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Entries in When in Rome [2010] (1)


When in Rome (2010)

Belittle Italy

While discussing the forthcoming cinema apocalypse weekend with my friend, Graham—during which I insisted that I am totally ready to be won over by Scott Pilgrim vs. The World and The Expendables—I was asked, “Have you seen any movies that you’ve liked since you started your site?”

The question floored me.  I realized that, with the exception of The Men Who Stare at Goats—which was a movie I saw last year—I haven’t written any positive reviews since before Kicking the Seat broke the chains of blog-dom.

Graham, it is with great pleasure and supreme embarrassment that I present my (mostly) positive review of When in Rome.  I realize this opens me up to all sorts of ridicule; particularly the kind that begins with, “Oh my God!  You liked When in Rome but hated Inception?”


Yes, I did.

I guess Mark Steven Johnson got sick of superhero movies.  After pushing Roe v. Wade to the very limits by directing Daredevil and Ghost Rider and producing Elektra in rapid succession, he took a few years off to find himself.  After much soul searching, Johnson must have realized that the real money is in romantic comedies.

Unless your romantic comedy bombs; in which case it may be time to explore other avenues, like pre-owned auto sales or line producing on Entourage.

Yes, When in Rome came and went, lost in a sea of Katherine Heigl and Jennifer Aniston comedies targeted at sappy women who ride the edge of their seats during even the most cookie-cutter will-they/won’t-they drivel.  The sad thing is, When in Rome is a pretty good movie.

It stars Kristen Bell as Beth, an aspiring New York curator who flies to Rome to stand up at her kid sister’s wedding.  There, she meets Nick (Josh Duhamel), a friend of the groom’s, who is goofy, charming, and handsome; the two hit it off until a typical Three’s Company-style misunderstanding leaves Beth swigging wine in a famous lover’s fountain.  Beth pockets a handful of coins, not realizing that the fountain has magical powers that compel the men who deposited the coins to fall in love with whoever removes them.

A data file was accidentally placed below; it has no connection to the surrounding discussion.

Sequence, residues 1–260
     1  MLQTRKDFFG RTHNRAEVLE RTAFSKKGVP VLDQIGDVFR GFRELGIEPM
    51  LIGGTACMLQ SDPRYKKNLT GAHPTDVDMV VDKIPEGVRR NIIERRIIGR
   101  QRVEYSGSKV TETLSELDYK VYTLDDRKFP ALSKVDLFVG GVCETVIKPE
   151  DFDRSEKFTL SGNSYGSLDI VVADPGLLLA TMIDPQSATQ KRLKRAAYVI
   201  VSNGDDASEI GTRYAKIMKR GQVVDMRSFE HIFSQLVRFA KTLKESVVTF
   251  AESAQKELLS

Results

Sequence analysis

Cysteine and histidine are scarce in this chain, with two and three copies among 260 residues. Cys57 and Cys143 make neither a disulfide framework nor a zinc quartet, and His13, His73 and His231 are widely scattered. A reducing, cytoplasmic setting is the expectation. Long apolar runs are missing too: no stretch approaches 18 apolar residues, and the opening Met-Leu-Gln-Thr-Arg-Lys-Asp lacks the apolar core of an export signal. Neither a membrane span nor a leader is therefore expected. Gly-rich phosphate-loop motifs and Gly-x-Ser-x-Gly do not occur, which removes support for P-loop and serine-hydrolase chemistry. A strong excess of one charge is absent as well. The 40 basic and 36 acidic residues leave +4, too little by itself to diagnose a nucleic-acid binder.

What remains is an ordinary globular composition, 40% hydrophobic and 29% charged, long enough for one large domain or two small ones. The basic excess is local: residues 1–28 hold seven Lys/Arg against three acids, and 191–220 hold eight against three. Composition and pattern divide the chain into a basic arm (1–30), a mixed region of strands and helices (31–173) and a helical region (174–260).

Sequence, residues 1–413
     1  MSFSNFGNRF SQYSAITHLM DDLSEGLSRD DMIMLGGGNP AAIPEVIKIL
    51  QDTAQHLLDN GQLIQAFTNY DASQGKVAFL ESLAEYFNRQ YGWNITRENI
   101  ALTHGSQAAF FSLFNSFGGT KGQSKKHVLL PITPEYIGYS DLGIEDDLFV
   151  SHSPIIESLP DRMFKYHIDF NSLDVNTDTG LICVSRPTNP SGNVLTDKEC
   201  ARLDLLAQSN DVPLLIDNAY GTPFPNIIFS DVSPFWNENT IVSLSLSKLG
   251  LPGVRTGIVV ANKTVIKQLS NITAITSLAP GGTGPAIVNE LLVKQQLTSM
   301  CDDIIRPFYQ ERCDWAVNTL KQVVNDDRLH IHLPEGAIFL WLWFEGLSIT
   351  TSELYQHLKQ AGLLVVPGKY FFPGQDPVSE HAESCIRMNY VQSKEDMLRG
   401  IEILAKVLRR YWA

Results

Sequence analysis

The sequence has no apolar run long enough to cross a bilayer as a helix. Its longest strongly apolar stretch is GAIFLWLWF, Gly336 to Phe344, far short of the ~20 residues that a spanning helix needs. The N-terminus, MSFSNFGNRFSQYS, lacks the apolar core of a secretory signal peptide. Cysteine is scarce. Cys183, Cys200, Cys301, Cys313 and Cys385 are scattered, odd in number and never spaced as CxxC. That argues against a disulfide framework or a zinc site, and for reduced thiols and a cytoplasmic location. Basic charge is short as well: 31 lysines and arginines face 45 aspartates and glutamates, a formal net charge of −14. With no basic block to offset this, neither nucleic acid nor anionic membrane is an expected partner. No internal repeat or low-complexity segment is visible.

The rest of the film involves an assortment of oddballs duking it out for Beth’s affection, while she tries to come to grips with the fact that Nick’s sudden interest in her has everything to do with a poker chip he tossed in the fountain (or…did he?).  There are no prizes for predicting how the movie will end, but as Steven Tyler once said, life’s a journey, not a destination.

When in Rome is quite the journey, too.  It’s packed with every rom-com cliché you’d ever want to avoid.  But it tweaks these conventions just enough to make the movie light and warm instead of a dull endurance test.

Let’s start with the run-time.  I’ve written before about my disgust at modern comedies’ need to stretch out for two hours in some kind of attempt at legitimacy—and how that rarely works.  When in Rome is just under an hour-and-a-half (if you don’t include end credits), and the director and screenwriters David Diamond and David Weissman keep the story moving at a great pace.  The plot is in motion within ten minutes, and most of the wacky set-ups are given just enough screen time to succeed or flop, without belaboring the point.

Next, we have Bell and Duhamel.  They’re likable, A-minus (kind of) stars on their own; together, they have a grand doofus chemistry that’s not too cute and not out of the realm of possibility.  In particular, I like the way that the Beth character is a struggling businesswoman who is between relationships—instead of the stock ice princess mogul who just needs a man to show her how to have fun.

Nick, too, is not the typical power-tools-and-sports-bars asshole that just needs a good bath and a lesson in women’s feelings in order to become Prince Charming.  He’s an ex-football-player-turned-journalist who is somewhat well-traveled, and who doesn’t see women as mere receptacles of spunk.

Also of note—precisely because they have so little screen time—are Beth’s Fat Best Friend, Gay Best Friend, and Plain Best Friend.  Typically, romantic comedies only have one of these kinds of characters, but When in Rome puts all three on display at the outset, with the PBF taking center stage as Beth’s go-to/lean-on person (often the PBF will be a slightly less attractive actress than the main star, but in Kate Micucci’s Stacy we have the perfect storm of homeliness and half-wittedness).  If you watch the opening gallery scene of this movie with the right mindset, you may see these supporting players not as real people but as giggly, gossip-y Muppets—right down to the creepy felt skin.

When in Rome is genuinely warm and funny, up to a point.  The last half-hour of clown-car hijinks and two or three misunderstandings that keep our potential lovers apart begin to grind down on the airy cuteness of the first hour.  Beth’s would-be suitors are kooky and amusing on their own, but when Danny Devito, Will Arnett, Jon Heder and Dax Shepard come together, it’s as if their individual talents evaporate—leaving room only for funny-accent humor and talking-over-each-other comedy.

In a perfect world, the first hour of this film would have been a stellar pilot for a TV show, centered on Beth’s weekly misadventures in love.  As it stands, When in Rome is a promising movie ruined by people who didn’t trust the audience enough to leave out the stupid, over-the-top, sappy nonsense.  Then again, it was brought to you by the same genius who directed Ghost Rider.